Championship position: 8th
Best result: 2nd (Berlin I)

Bird started the season looking like he was going to banish his dreadful 2022. Leading in Diriyah, he ultimately took a podium, which provided a lesson in how Gen3 races would pan out, and heading to Hyderabad he was fourth in the standings and 17 points ahead of team-mate Mitch Evans.

A few weeks later he’d inadvertently drop-kicked Evans and himself out of golden positions in India and registered a did-not-start in Cape Town after a cataclysmic qualifying accident.

Within those two incidents lay the story of Bird’s season, part self-inflicted and part horrendous luck.

There was a revival in Sao Paulo and Berlin but then further dips in Monaco and Jakarta when shunts and penalties again came his way, though he was again genuinely unfortunate at Portland when he was mysteriously pinged for what looked like an innocuous incident with Maximilian Guenther.

By then the dye was cast in terms of his time at Jaguar coming to an end and despite a gutsy third in Rome his season was fitful and dramatic. That makes it hard to disagree with Jaguar’s tough decision to replace him with Cassidy.

8 Antonio Felix da Costa

Spacesuit Media Adam Pigott 384055

Races: 16
Points: 93
Championship position: 9th
Wins: 1 (Cape Town)

Da Costa will get some slack this season for a solid if unspectacular first campaign with Porsche.

As with Vandoorne, one of Formula E’s most gifted racers wasn’t quite at the same level as his incumbent team-mate, but there was enough evidence to suggest that for 2024 it could all be quite different.

The 2019-20 champion’s campaign started quietly as he integrated into the Porsche set-up and perhaps he was still doing that for much of the season anyway.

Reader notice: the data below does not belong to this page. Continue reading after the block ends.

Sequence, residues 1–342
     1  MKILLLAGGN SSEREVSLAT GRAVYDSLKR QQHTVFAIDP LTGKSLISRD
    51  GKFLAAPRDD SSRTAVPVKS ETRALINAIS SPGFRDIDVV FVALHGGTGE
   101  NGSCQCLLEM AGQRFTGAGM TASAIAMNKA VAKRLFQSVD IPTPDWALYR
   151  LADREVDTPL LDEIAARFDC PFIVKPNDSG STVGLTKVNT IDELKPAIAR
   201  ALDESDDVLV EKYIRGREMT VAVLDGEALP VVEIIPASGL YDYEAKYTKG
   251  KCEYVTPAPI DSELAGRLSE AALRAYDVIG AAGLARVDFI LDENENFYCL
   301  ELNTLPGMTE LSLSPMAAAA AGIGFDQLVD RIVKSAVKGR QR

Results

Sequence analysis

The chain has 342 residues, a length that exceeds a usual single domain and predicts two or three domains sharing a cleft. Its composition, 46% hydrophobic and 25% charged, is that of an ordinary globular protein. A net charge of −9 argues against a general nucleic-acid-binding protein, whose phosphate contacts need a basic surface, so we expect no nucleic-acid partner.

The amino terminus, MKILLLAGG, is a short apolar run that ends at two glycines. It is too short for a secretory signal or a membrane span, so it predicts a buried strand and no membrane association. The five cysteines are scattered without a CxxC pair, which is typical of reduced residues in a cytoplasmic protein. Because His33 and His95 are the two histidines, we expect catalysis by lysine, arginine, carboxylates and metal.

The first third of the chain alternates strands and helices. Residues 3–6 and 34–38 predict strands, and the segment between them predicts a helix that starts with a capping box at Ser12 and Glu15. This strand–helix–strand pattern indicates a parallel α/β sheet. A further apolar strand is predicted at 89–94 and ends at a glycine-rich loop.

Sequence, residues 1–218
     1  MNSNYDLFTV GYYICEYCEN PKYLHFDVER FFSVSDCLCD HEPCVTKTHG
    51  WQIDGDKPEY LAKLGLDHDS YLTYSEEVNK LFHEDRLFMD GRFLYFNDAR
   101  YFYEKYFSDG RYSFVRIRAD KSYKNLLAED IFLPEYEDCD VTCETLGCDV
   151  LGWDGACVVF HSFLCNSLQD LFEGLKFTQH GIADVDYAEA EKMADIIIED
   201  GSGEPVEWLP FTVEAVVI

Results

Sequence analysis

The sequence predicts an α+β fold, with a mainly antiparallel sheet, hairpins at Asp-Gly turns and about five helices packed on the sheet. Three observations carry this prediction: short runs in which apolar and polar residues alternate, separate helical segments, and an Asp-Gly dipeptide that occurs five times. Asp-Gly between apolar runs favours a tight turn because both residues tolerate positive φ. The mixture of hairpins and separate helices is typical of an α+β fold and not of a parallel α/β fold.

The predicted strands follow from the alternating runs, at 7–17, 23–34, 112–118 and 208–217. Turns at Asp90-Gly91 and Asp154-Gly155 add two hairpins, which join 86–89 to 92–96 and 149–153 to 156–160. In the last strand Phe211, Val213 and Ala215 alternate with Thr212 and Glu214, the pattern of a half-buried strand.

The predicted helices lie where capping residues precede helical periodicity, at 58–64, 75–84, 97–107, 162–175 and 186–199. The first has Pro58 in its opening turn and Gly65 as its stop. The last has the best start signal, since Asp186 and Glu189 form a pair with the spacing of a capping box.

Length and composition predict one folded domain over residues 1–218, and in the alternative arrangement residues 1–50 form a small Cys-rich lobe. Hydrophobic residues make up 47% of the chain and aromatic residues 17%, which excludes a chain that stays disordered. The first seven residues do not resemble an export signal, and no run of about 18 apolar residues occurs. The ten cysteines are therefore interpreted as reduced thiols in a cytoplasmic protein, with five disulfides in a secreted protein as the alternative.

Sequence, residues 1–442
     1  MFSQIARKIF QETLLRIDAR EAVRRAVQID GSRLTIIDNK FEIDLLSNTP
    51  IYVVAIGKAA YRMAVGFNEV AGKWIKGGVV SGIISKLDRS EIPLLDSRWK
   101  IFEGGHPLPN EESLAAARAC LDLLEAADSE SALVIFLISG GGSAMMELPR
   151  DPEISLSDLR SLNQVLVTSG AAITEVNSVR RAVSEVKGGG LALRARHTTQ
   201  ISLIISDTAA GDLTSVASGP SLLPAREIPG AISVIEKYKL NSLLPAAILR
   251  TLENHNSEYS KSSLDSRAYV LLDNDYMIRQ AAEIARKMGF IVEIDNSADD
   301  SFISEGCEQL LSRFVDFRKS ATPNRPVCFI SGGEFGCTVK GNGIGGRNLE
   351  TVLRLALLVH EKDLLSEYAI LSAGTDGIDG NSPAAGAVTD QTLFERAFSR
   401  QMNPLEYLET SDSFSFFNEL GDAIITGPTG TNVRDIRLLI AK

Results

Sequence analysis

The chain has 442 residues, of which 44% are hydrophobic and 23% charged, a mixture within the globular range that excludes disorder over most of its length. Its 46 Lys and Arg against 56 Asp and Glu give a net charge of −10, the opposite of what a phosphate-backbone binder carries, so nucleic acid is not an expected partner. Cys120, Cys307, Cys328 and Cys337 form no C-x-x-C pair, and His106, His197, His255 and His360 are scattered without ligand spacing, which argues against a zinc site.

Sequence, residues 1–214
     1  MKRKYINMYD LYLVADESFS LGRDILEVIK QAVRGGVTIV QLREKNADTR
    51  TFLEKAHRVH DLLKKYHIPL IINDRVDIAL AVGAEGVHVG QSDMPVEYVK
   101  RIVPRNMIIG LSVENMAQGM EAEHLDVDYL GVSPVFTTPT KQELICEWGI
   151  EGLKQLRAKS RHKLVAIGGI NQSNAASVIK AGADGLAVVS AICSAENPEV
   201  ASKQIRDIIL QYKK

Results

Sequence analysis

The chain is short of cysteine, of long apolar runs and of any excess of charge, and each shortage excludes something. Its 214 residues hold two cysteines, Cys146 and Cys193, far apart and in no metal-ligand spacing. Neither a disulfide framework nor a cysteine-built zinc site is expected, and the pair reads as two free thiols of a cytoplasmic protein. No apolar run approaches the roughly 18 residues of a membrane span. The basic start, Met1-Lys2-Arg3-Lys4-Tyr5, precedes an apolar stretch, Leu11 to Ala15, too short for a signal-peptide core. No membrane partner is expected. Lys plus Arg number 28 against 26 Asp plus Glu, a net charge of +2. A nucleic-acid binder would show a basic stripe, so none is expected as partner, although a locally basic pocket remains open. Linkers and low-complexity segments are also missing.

His day of days came in Cape Town with an astonishingly well-crafted victory that featured a move for the lead on his former team-mate Vergne that has already passed into Formula E folklore.

Da Costa backed that up with some other top runs, especially in the penultimate race in London when he climbed from 17th to second – only to be denied that result due to a penalty for a ‘damaged’ tyre, which Porsche has confirmed it will appeal.

2023 in da Costa’s own words

Eps905 171343smg 6416 2048x2048

“Honestly, if you exclude the first two weekends, we’ve been in a position to actually fight for this championship. I think one place that we didn’t perform well and we should have was Jakarta.

“In my mind, I’m already programming and making sure we get everything out of the way this year because I want to hit the track next year, hit the ground running. It’s the same car for everyone, nothing changes. If we have doubts, stuff we want to try, now is the time, get it all out of the way, create our knowledge box as strong as it can be to just hit the ground running next year.”

7 Maximilian Guenther

Spacesuit Media Peter Minnig 410006

Races: 15
Points: 101
Championship position: 7th
Wins: 1 (Jakarta II)